Bev, I'm located in New Orleans, Louisiana. I do most of my work in a high rise federal building, behind a computer screen. But every now and then, I go to sea which is part of my job also. One of the things I love about my job is the great variety.

Being a nurse sounds wonderful to me. It's nice to be able to help people directly, every day. It's probably really hard on the feet, though. I'm glad you're able to stay home and rest right now while your feet are healing.

Carole C

Re: Interested in arches

Carole C in NOLA on 2/06/03 at 11:57 (108214)

John, we are in the fifties Fahrenheit and drizzling rain from dark endless clouds here in New Orleans. I'm wearing my dark brown nubuck Birkenstock Tatami Fuldas, with dark green thick socks. I know you hate socks with Birkenstocks, so I just had to tell you. LOL

I don't usually wear them to work these days (especially in the winter!) but after talking about them on the message board, I thought 'Why not?'

They look and feel great, for a change anyway. It's sort of like dressing down for casual Fridays but on a Thursday. I'm still glad that I am able to wear more normal shoes to work on most days.

Carole C

Re: Interested in arches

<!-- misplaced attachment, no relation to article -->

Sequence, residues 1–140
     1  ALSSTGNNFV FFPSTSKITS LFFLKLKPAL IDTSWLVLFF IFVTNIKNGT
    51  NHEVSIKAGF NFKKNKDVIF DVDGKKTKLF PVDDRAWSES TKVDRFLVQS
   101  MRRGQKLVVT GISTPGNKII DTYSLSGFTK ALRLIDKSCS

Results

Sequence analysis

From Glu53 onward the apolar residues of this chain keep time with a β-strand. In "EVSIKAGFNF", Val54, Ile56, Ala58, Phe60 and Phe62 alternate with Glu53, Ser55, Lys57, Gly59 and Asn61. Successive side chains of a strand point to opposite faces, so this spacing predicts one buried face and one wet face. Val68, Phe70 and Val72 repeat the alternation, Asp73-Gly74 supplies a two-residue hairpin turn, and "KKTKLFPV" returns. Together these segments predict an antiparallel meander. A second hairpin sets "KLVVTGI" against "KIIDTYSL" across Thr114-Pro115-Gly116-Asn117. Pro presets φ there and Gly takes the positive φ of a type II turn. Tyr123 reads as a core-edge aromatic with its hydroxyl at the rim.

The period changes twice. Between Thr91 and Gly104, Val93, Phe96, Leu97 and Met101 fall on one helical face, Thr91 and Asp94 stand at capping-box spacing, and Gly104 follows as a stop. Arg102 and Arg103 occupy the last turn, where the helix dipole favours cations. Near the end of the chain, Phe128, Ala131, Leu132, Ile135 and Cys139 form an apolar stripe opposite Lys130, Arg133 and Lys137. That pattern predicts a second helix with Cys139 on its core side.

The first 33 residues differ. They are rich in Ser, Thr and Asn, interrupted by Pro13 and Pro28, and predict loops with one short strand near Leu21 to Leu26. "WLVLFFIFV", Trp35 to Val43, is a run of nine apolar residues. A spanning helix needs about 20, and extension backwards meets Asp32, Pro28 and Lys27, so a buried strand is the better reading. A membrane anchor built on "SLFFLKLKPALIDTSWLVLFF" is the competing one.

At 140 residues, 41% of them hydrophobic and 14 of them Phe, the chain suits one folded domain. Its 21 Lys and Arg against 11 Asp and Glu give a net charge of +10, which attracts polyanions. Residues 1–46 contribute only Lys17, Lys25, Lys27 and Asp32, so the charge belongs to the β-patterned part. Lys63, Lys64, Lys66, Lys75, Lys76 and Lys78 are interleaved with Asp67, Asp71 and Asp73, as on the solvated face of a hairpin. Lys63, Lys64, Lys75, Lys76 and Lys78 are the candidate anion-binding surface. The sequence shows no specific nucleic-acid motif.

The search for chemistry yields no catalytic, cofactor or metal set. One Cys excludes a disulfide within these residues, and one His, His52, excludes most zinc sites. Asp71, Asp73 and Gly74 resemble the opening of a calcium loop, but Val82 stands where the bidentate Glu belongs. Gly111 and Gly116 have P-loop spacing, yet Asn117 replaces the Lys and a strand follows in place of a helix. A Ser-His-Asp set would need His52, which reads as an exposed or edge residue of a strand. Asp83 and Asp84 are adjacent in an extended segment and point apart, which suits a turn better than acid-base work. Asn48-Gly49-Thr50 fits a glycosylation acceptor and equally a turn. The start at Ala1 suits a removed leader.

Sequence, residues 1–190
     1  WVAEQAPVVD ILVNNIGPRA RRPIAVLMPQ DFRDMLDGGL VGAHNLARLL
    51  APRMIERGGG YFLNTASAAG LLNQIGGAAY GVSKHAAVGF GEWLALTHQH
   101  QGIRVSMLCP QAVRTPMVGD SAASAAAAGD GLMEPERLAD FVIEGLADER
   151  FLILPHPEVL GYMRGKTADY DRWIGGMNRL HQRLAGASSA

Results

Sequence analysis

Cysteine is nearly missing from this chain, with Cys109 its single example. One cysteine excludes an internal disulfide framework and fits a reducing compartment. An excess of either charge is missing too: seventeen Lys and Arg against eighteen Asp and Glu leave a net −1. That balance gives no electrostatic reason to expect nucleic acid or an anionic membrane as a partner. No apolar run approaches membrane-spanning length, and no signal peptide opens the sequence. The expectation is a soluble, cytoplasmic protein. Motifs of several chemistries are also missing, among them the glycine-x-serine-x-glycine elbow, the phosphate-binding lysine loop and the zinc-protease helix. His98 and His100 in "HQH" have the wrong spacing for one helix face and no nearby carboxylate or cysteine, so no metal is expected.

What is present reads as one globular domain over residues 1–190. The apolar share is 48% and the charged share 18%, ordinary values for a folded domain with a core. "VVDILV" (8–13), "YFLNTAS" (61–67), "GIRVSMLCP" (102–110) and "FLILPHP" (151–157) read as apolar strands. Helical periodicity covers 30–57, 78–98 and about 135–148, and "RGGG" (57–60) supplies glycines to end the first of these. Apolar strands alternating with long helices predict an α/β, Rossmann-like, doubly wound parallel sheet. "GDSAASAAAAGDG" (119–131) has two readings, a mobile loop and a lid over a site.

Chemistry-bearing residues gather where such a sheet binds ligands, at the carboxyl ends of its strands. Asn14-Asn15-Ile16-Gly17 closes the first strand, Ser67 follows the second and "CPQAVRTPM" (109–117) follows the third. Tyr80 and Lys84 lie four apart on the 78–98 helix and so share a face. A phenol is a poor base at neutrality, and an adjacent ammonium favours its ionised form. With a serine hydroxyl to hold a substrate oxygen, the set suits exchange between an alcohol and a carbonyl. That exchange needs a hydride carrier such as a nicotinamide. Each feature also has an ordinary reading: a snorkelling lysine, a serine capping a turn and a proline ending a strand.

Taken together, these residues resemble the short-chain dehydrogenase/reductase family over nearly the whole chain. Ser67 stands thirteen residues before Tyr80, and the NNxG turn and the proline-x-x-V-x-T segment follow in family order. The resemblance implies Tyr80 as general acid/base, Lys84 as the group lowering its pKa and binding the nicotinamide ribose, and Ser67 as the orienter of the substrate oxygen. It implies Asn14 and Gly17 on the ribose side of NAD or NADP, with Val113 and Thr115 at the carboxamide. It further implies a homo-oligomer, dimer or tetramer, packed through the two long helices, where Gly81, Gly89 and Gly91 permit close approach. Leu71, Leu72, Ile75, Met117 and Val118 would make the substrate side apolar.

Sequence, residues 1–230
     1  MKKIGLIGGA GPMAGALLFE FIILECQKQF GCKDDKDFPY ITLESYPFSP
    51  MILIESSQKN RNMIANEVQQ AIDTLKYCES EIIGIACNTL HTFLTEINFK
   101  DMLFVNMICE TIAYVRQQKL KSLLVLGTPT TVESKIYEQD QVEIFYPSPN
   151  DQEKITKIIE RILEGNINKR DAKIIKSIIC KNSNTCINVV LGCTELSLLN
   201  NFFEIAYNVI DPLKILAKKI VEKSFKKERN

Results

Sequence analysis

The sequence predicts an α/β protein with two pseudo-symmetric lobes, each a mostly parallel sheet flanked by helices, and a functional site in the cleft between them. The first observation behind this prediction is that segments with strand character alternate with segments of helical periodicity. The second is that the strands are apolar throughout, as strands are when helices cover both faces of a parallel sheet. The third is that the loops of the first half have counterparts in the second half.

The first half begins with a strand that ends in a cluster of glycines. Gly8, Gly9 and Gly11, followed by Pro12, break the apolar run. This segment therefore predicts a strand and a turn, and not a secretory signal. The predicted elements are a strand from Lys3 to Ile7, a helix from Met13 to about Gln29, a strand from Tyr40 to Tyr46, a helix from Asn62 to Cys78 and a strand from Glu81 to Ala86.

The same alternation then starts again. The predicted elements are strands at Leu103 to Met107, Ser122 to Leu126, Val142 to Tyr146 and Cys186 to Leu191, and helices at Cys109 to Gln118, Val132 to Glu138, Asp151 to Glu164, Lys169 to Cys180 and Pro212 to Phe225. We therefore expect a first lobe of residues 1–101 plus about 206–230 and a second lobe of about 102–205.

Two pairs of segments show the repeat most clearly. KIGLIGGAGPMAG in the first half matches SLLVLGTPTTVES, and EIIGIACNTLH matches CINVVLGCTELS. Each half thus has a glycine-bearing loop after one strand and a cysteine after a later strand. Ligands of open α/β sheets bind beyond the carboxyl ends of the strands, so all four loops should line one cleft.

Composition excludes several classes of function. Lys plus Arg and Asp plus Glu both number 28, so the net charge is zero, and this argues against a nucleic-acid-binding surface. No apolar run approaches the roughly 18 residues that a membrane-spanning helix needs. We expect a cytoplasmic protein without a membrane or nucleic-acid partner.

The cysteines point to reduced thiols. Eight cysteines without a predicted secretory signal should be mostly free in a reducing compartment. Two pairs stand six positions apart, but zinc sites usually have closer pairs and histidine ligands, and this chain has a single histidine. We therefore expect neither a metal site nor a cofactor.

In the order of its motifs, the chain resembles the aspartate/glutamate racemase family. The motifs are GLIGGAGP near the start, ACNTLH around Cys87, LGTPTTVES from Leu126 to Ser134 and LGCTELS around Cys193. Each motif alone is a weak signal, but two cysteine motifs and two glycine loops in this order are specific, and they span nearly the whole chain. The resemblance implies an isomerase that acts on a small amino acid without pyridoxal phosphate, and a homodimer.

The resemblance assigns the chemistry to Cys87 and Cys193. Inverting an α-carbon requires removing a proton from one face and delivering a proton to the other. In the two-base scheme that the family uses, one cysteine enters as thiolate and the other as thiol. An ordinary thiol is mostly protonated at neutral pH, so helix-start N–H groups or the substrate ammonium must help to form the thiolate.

JenL on 2/06/03 at 13:16 (108222)

I think my arch is med. high, although one podiatrist said I have high arch. He even described my foot as looking like ballerina's, and charged me $440 for a pair of semi-rigid orthotics. That orthotics are archived as totally useless. I now wear soft custom orthotics. But my foot problem seems different from most of your's. I was diagnosed for PF last June, and after seeing four podiatrists, I don't have a clear diagnosis now. Neither ultrasond nor MRI shows signs of PF, and I don't have morning pain since last June. The visible problem is edema on both heels. I tried many conservative treatments with no improvement.

Re: Interested in arches

George on 2/06/03 at 15:43 (108241)

Low arch, plantar fasciitis. Have had great success using an over-the-counter pre-molded orthotic.

Re: Interested in arches

Carole C in NOLA on 2/06/03 at 17:22 (108257)